Think it would work? I am 99.96% sure that if we did this, we would find the new newscasters on Thanksgiving would be telling of how thankful we are for rising retail sales, increased cash in the economy, lower unemployment, and a decrease in murders and drug use (that’s another whole topic…).

Ok, that is pretty idealistic isn’t it? Unfortunately, the few who might do it could not carry the load for those who don’t do it. Darn. So, my second solution is to come visit one of our sales classes between now and the holidays, free, just to get some ideas on how you can sell more hours, products, or services, at a higher price, to more people. Just let me know when you want to stop by, we’ll send you the material for that week, and you can come in and get some tips to help you battle the bad news that surrounds your prospects every day telling them why not to buy from you. Is this self serving? We might get a client or two out of it. But, bigger picture, I do know what everyone will get—a better attitude all around as everyone’s sales climb the last quarter of 2008 from new attitudes combined with new approaches, and that’s my early holiday gift to Rainmakers.

October 7, 2008

Selling in Down Times

Selling In Down Times

“I’ve had to lower my price to keep sales going.” If there are comments I don’t want to hear a client make, this is at the top of the list. When you cut price, you cut profit. That may seem like one of those “no kidding” comments but let’s look at what really happens.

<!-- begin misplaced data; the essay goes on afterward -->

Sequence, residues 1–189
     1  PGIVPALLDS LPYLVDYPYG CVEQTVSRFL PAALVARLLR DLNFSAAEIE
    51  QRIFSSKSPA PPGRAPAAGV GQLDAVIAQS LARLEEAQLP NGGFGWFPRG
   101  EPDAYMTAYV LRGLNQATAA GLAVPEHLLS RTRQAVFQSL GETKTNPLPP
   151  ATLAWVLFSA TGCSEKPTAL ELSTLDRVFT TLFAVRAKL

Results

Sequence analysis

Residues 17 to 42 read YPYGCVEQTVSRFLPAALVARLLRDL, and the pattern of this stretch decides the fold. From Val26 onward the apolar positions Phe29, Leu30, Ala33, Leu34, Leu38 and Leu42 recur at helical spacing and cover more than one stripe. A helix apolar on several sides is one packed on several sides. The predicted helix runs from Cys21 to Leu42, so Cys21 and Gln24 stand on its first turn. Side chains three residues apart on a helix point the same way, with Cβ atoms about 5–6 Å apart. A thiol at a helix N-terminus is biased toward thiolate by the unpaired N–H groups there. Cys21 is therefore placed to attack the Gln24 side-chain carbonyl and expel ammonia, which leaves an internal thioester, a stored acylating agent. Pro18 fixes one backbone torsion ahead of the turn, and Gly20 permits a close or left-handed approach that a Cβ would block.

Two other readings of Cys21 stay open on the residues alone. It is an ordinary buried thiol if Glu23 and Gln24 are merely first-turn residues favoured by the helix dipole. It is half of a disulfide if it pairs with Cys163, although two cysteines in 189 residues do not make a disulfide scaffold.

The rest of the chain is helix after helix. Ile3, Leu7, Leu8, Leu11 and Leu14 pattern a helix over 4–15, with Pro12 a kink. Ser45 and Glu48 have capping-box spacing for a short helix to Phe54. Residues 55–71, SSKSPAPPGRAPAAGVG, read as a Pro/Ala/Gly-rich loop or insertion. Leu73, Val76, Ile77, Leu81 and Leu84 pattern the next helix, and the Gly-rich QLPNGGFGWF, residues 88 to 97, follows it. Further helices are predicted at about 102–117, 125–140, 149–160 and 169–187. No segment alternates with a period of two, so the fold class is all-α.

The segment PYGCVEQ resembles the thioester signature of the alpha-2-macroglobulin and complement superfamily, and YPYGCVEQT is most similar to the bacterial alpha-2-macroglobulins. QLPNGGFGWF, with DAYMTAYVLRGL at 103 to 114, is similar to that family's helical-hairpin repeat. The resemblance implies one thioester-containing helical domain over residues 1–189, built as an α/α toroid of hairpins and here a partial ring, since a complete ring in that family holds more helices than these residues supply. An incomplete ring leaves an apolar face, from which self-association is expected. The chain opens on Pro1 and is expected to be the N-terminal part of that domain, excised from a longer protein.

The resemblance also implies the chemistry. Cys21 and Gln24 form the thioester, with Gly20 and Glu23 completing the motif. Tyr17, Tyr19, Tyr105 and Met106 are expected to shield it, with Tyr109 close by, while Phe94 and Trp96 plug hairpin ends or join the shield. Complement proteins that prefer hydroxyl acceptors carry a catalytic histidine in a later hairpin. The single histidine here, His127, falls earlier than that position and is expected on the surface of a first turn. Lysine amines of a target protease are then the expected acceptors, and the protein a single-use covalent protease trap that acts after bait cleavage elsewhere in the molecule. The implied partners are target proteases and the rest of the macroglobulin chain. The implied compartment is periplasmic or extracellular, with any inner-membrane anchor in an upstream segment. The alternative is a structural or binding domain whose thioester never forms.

Let’s say you sell a $100 product with an out of pocket cost of $40 and an overhead allocation of $25, leaving a $35 contribution to profit. If you sell 100 units, you make $3,500. Not too bad. Now let’s say you drop the price 15% to $85 to “keep sales.” Same $40 out of pocket and $25 of overhead, but now you only make a $20 contribution to profit per unit. If you sell the same 100 units, you profit is now $2000—profit takes the entire hit of a price reduction. To make the same $3500, you now have to sell 175 units. Wow! A 75% increase in volume to make up reduced profit. Can you sell 75% more? Not likely—that’s a lot more than just keeping “sales going,” it’s a sales explosion.

Maybe you provide a service where your personal labor is the cost. Your typical project is $400 and takes you 5 hours at $80 per hour. If you complete 5 projects a week, 25 project hours, you are grossing $2000. Not too bad. But, if you decide to drop the price to $350 to “keep sales” you are now making $70 per hour and $1750 per week. But wait, were you working 25 hours before? More likely you were working 1 hour to get each sale, plus 15 minutes per project to bill and file away records after the project (total 1.25 hours), and another 15 administrative hours for a total of 46.25 hours.